One of my favorite characters from the series The Wire was Omar Devone Little. I loved Stringer Bell too. Oh, did I love my Stringer. I also loved Lester Freamon, so don’t think I only like sociopaths. But Omar, there was something about him, his complex character, intelligence, that mind-bending scar running down his entire face (the actor who played Omar in fact has this scar, it was not makeup), his often gentle homosexuality, his reluctance to use profanity, his unwavering code (he never robbed, killed or attacked anyone not in “the game”) and the way he said, even while in the middle of a killing rage, “You feel me?” that just lured me in. I know he didn’t coin that phrase, but I love it. It’s cutting. It’s not removed and distant like “Do you understand?” or “Get it?” Rather, it expresses the depth of his commitment to his being, his needs, his sociopathic nature. I loved the way his presence caused children to scatter shouting “Omar comin’ ya’ll.” These were children who sold drugs on street corners, parentless, homeless children who weren’t afraid of much. But they feared Omar. And that eerie whistle. The I own these streets whistle—a lone Omar strutting smack dab down the middle of an empty street, weapon by his side whistling his own adaptation of the children’s rhyme The Farmer In The Dell.

Michael K. Williams, the actor who portrayed Omar was asked about the whistle in 2007 by Here are his comments:

I chose to take it there. Technically it is the tune to Farmer In The Dell but there are certain lyrics in there. For instance, “The cheese stands alone” is very reminiscent of Omar’s character, he’s like a lone gun. But me personally, as Michael Kenneth Williams, when I get into character – especially when I have to use that whistle in a scene – I like to think of a Looney Tunes character by the name of Elmer Fudd. He used to [sing] “A hunting we will go.” At the end of the day Omar’s just going to work. He ain’t doing nothing spectacular, he’s just having fun. He enjoys his work, but he’s going to work.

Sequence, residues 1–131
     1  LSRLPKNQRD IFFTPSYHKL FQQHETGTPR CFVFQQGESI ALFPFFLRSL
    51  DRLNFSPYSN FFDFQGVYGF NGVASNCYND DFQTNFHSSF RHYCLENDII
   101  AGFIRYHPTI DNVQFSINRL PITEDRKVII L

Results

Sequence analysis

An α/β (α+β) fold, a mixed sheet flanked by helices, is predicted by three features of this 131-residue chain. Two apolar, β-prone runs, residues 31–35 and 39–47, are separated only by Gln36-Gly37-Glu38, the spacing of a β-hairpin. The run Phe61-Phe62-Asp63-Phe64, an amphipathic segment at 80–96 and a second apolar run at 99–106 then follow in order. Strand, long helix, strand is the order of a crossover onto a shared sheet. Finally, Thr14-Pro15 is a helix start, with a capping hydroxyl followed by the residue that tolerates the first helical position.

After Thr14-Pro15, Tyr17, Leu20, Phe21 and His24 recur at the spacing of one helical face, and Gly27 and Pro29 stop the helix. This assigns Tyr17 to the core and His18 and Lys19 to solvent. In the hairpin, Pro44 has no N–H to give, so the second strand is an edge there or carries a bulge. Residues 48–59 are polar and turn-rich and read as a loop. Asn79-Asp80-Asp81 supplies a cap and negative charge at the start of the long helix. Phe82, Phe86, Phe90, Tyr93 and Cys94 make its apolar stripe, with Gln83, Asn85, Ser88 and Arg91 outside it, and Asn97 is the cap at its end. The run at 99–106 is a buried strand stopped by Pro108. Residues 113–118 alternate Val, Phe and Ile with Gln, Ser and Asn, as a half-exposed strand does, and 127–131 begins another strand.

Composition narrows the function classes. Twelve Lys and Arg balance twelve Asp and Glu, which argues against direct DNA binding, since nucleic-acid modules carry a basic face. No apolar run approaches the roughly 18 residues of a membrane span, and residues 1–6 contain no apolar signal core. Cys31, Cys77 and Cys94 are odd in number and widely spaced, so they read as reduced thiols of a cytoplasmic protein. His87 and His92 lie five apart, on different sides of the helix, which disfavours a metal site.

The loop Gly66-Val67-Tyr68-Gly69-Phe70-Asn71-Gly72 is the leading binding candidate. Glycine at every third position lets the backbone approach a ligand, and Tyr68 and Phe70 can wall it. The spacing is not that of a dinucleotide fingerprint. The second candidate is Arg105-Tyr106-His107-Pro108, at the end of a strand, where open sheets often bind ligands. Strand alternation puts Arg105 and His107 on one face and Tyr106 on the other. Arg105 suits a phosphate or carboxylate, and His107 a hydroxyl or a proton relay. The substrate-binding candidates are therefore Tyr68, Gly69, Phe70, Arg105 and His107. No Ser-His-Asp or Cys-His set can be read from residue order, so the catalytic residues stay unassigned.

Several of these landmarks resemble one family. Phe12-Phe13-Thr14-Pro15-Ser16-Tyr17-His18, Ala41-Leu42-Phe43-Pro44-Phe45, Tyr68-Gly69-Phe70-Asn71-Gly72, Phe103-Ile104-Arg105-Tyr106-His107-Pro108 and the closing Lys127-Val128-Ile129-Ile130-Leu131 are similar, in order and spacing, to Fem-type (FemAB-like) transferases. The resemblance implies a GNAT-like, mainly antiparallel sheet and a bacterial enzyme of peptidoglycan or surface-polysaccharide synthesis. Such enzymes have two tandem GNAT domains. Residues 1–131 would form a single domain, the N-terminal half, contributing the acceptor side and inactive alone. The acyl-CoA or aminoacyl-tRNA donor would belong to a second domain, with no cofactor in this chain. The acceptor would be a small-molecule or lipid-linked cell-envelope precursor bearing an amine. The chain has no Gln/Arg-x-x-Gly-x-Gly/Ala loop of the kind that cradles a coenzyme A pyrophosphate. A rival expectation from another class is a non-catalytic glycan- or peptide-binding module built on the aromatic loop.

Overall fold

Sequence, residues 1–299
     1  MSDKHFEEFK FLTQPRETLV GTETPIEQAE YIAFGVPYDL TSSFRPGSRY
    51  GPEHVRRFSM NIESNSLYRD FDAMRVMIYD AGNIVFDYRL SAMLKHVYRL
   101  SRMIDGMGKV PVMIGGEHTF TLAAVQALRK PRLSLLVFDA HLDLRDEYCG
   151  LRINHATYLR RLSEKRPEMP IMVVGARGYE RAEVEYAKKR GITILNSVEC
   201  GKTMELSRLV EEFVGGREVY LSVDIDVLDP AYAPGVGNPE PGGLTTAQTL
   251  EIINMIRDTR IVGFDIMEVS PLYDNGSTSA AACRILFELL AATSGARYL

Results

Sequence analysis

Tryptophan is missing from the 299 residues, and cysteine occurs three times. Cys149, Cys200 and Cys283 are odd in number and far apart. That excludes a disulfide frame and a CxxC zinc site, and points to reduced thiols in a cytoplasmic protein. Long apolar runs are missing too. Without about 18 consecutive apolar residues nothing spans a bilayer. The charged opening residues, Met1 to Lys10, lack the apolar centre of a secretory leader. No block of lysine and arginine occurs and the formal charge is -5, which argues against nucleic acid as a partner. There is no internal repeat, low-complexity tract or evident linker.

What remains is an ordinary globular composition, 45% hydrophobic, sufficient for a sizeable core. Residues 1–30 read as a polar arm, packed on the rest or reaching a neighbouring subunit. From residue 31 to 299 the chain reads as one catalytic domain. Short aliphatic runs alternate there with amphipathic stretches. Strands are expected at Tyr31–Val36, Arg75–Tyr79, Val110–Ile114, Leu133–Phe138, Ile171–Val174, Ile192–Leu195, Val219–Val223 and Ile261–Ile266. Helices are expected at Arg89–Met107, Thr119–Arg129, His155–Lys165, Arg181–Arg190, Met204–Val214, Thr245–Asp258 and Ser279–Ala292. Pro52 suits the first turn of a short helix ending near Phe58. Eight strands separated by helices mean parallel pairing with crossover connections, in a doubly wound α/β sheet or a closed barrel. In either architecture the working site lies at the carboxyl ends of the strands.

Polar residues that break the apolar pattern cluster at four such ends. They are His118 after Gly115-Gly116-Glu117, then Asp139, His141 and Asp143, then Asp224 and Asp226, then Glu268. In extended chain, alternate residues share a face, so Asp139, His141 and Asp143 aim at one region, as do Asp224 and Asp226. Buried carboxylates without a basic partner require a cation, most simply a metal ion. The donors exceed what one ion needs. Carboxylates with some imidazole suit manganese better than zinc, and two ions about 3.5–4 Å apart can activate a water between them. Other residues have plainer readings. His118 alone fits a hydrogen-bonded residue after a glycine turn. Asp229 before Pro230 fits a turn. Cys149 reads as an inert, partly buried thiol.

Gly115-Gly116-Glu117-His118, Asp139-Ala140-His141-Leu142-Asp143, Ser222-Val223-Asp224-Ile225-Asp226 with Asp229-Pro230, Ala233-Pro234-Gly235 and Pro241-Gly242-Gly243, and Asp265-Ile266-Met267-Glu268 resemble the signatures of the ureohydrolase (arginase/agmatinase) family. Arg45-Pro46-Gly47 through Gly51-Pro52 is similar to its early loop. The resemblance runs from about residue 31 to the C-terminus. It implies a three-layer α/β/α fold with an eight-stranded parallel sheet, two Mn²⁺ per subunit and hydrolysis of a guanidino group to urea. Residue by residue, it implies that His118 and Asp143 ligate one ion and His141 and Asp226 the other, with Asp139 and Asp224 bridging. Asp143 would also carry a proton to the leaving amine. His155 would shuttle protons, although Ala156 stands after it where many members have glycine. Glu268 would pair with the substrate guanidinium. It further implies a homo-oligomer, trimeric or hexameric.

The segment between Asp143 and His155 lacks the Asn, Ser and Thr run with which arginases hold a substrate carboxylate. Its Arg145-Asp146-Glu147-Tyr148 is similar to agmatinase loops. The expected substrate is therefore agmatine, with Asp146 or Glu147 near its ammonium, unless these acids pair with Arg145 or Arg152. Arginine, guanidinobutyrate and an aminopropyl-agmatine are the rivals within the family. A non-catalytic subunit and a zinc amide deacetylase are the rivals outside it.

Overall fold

And that’s the deal with Omar. He’s going to work. Everyone in that show was just going to work. Based on who they were, where they were born, the circumstances of the world around them, they went to work wherever and however they could.

I’m not a television critic nor am I a professor of sociology. But I’ve watched a lot of TV in my day, some of it very bad TV, and I’ve done some living. I believe The Wire was and is the best television series ever. The depth of character, the grit, the truth and the teaching for all of us on poverty, class, bureaucracy, and the social ramifications of economic change go beyond where any other show has gone. And, while I enjoyed Treme, The Wire creator David Simon’s next show, it pales in comparison, for me, to the streets of Baltimore. I’m a cop show/crime junkie so that’s part of it, I’m sure.  I also need to give it more time. I only watched the first four or five episodes.

The point is this: we can all learn from shows like The Wire and Treme. They tell truths about this world that need to be heard, understood, dealt with. If you haven’t seen The Wire rent it, watch it on BET, do something because you’re missing a lesson in sociology, race, culture, the world, and not insignificantly, some damn fine entertainment. You feel me?

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